Judith Butler in Gender Trouble questions the category of woman, and claims that gender is constructed, it is ‘a free –floating artifice’ (Butler, 1990:6) and is more produced than natural. She also draws parallel between language and sexuality, how linguistic structures shape its perception and offer a platform for its reconstructed association. Many points of Butler’s emerge from Foucauldian philosophy, and while they both agree that sexuality was produced by the law and discourse, Butler also claims that the law which prohibits certain sexual preferences also invents and invites them (Butler, 1990).

Miloslav Chlupac

According to this, culture cannot restrict forms of existence unless it creates them in order to control them and define them. A good example of this is how feminine sexuality was neglected and then developed in order to legislate it. Again, we are dealing with constructive norms of the society, which regulate us, identify us and limit our existence to an explicit dimension. Butler analyses how sexuality and gender are always constructed ‘in terms of heterosexual and phallic cultural conventions’ (Butler, 1990:41). This problem will be investigated together with the phenomenon of feminine sexuality.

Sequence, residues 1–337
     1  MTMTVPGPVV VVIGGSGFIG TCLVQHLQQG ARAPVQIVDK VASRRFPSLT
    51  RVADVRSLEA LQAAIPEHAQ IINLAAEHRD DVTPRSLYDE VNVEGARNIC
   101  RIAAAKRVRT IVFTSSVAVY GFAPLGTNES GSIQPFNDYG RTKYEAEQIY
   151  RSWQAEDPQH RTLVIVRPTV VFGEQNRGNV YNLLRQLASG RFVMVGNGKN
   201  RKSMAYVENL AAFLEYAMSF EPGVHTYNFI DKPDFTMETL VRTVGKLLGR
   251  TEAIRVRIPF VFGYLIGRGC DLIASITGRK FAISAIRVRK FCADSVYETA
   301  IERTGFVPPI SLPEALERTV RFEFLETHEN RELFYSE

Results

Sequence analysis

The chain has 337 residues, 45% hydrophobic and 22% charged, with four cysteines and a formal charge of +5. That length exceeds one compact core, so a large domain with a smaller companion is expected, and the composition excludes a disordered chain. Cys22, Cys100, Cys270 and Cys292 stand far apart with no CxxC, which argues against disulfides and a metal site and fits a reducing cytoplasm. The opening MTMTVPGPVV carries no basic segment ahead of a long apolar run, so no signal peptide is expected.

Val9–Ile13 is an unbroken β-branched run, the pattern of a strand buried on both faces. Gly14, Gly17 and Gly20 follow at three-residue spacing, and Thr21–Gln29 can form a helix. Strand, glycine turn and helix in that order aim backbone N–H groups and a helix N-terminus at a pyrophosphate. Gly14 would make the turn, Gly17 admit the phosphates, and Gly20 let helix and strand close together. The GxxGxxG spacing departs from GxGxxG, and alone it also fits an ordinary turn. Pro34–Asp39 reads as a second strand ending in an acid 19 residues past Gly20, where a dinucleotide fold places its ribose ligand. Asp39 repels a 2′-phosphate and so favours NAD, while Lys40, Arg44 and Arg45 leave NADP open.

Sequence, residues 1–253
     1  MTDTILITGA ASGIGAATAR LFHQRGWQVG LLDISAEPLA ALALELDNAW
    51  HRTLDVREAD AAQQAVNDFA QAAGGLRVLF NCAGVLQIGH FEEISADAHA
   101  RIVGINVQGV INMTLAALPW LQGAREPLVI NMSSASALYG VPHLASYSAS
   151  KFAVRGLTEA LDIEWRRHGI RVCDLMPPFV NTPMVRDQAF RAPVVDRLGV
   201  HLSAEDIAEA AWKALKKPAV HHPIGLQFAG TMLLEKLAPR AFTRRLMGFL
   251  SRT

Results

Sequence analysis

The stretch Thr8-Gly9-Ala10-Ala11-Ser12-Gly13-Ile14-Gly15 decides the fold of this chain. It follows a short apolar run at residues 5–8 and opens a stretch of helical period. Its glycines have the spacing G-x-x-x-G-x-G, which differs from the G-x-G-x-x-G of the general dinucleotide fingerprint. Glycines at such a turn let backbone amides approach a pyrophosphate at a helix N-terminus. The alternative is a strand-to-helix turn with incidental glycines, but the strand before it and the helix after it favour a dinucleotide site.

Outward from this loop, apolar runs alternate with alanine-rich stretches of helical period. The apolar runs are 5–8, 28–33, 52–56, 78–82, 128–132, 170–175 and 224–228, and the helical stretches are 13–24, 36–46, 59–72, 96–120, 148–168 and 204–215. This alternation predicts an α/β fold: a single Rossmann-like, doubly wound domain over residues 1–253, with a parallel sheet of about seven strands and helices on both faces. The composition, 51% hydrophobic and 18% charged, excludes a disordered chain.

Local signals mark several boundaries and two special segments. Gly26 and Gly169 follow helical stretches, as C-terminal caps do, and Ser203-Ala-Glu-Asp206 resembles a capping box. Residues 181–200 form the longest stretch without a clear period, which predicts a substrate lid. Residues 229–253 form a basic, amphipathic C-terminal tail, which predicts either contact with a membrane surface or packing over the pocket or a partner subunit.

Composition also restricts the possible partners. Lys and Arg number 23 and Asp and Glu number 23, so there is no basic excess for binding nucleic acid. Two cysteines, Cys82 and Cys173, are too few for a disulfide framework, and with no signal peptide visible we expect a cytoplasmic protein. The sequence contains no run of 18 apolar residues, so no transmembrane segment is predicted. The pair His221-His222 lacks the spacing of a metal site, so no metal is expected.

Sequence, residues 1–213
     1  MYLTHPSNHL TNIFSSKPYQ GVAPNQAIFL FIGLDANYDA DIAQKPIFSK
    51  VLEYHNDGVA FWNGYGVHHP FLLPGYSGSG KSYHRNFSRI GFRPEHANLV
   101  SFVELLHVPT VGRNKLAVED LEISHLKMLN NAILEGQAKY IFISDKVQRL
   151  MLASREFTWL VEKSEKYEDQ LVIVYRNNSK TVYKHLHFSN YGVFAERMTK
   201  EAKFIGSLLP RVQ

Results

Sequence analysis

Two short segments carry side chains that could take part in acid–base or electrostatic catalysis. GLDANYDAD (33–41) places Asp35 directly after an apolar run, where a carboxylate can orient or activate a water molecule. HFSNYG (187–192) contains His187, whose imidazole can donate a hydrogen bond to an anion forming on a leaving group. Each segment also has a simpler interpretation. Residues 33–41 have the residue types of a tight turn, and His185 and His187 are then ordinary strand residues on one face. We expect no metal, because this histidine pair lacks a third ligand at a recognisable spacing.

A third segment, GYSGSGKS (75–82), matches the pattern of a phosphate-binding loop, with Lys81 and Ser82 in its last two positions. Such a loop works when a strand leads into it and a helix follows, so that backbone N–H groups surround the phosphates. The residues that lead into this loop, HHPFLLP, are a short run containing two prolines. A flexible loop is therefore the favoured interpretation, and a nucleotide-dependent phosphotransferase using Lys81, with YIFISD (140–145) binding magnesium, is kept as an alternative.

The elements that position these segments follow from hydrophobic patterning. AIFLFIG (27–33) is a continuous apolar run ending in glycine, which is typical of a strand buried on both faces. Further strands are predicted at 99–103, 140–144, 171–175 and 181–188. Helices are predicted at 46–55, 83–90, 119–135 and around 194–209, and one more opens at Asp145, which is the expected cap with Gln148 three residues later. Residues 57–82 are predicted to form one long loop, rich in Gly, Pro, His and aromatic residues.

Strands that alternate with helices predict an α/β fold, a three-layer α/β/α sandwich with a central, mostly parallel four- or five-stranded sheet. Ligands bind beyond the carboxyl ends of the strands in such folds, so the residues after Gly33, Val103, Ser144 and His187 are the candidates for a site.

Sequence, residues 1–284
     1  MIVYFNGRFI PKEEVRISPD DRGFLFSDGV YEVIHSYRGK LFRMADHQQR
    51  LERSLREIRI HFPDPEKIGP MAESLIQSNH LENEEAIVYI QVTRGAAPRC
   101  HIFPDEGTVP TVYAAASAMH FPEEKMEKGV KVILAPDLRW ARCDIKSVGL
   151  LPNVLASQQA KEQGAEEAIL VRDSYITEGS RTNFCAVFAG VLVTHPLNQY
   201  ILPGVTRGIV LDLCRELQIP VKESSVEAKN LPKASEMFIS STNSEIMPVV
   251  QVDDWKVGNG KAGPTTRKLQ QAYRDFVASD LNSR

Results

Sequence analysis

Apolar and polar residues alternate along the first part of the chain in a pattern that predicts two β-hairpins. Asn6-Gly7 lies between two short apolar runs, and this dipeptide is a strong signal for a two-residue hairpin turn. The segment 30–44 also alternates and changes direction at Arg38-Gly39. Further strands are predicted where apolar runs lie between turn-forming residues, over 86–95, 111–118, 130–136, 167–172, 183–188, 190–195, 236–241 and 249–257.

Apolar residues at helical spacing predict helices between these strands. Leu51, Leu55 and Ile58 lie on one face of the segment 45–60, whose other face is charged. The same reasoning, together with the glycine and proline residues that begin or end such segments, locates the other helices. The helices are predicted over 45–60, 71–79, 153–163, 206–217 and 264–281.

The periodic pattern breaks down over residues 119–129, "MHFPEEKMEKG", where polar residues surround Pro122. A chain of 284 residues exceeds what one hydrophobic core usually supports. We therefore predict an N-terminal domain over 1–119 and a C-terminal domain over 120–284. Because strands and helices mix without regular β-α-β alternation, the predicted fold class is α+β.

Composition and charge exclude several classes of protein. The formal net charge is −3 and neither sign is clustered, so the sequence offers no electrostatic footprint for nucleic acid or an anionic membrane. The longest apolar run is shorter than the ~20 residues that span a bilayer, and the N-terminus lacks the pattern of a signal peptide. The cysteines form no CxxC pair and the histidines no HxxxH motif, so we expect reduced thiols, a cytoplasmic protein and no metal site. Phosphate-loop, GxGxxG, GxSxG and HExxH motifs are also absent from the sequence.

Juliusz Martwy

Butler in Undoing Gender develops Foucault’s notion of confession and analyses how it is transformed through verbalisation. She neglects his claim that confession is a one-sided source of power, which will be illustrated through the analysis of contemporary sex shops. Another essential point of hers is how the body is ‘constituted as a social phenomenon’ (Butler, 2004:21), creating several social associations that lead to the discrimination of women and their sexuality. This can be linked to the notion of Eve and her role in the evolution of gender hierarchy.

Lex Drewinski

As she claims that gender is a performance, it can be performed just within the given framework that constrains its autonomy. In other words, the generally shaped concept of woman is shaped by certain social discourses. Therefore if someone who claims her/himself a woman can only perform her/his gender within the rules of the given society. That suggests the common assumption that sex shops and the erotic businesses are just for men and the only role for a woman within the establishments is to be the object, the goods. Butler states that certain elements of Christianity are reused in a modern context, maintaining the patriarchal character of Western cultures.


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